“The goal of a feminist intersectional analysis is to understand power relations and systems of power that create barriers to women’s equality so we can work to remove those barriers and redistribute power equitably.” – Canadian Research Institute for the Advancement of Women
While most GBV data is not disaggregated, we know that GBV is completely intertwined with settler-colonialism, anti-Blackness, racialization, systemic poverty, gender identity, sexual orientation, ableism, citizenship status, and state violence. Multiple forms of oppression are simultaneous and cannot be separated from another.
Indigenous women, Black women, racialized women, newcomer immigrant/refugee women, low-income women, women with disabilities, and trans and two spirit people endure GBV at a quantitatively higher rate, and also experience GBV qualitatively differently.
At least 28 percent of victims of femicides in Canada in the past five years were racialized.
Existing Canadian data specifically suggests that the prevalence of intimate partner violence among Black women is disproportionately higher (42 percent) when compared to the total visible minority population (29 percent), yet Black women face consistent barriers to safety and justice due to pervasive misogynoir.
In Toronto, for example, 23-year-old Daniella Mallia was shot dead by her ex-boyfriend Dylon Dawson, who had been threatening and harassing her. A Toronto police officer Const. Anson Alfonso is now facing several police misconduct charges for failing to properly investigate Daniella’s reports and pleas for help.
Gender, sexuality, disability, and immigration status also amplify experiences of gender-based violence.
According to Canada’s first national report on the health and safety of racialized trans and non-binary people, 49 percent of racialized trans and non-binary respondents said they had experienced sexual harassment, and 1 in 3 reported being sexually assaulted. Survivors with disabilities also face compounding violence: women with a disability are four times as likely to be sexually assaulted than women living without a disability. For survivors without full immigration status, gender-based violence and immigration status converges into “immigration-related abuse,” where a survivors’ “immigration status not only heightens her vulnerability to violence but it can also exacerbate the nature of the violence she experiences.”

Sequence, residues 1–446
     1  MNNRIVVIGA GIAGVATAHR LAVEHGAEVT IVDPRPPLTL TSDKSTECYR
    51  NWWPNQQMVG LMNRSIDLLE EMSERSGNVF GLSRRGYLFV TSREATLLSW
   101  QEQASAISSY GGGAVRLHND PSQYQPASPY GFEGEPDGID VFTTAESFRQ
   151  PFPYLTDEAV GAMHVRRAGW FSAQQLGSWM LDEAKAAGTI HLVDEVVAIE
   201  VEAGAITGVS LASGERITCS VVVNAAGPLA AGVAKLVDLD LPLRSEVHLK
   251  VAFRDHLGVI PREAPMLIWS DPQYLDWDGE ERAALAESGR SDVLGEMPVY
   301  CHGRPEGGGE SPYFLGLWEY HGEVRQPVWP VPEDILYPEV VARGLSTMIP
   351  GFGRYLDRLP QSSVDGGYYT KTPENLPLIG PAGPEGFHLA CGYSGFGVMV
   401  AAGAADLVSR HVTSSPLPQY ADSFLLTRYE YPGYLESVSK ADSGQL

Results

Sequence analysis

Gender-based violence is especially pronounced for Indigenous women, girls, trans and two spirit people resisting gendered colonial violence.
At least 19 percent of femicides in Canada in 2022 were of Indigenous women, despite Indigenous women comprising only 5 percent of the female population in Canada. Indigenous women are twice as likely to experience sexual abuse by intimate partner in their lifetime, about six in ten Indigenous women have experienced some form of intimate partner violence in their lifetime (as compared to 44 percent of non-Indigenous women), and LGBTQ2S+ Indigenous survivors and Indigenous survivors with disabilities have some of the highest rates of intimate partner violence in Canada.
In 2022 alone, Indigenous women and girls including Tatyanna Harrison, Noelle O’Soup, Carmelita Abraham, and Chelsea Poorman have all been murdered or died under suspicious circumstances in B.C. “Reclaiming Power and Place: The Final Report of the National Inquiry into Missing and Murdered Indigenous Women and Girls” makes clear that violence against First Nations, Inuit, and Métis women, girls, two spirit, and gender diverse people in Canada stems from targeted colonial gendered violence, emphatically stating that “The National Inquiry into Missing and Murdered Indigenous Women and Girls finds that this amounts to genocide.”
Gender-Based Violence is Preventable
Decades of GBV advocacy has culminated in the collaborative A Report to Guide the Implementation of a National Action Plan on Violence Against Women and Gender-Based Violence.
With this report, governments at all levels now have the definitive answer to the question: What will it take to achieve a Canada free of gender-based violence?
From income security and decent work to housing and childcare, from safety supports for survivors and transforming legal systems to realizing Indigenous rights and trans liberation, we know that gender-based violence can end across these lands.
And that is why we remain on the frontlines, tirelessly working every day to prevent and combat gender-based violence.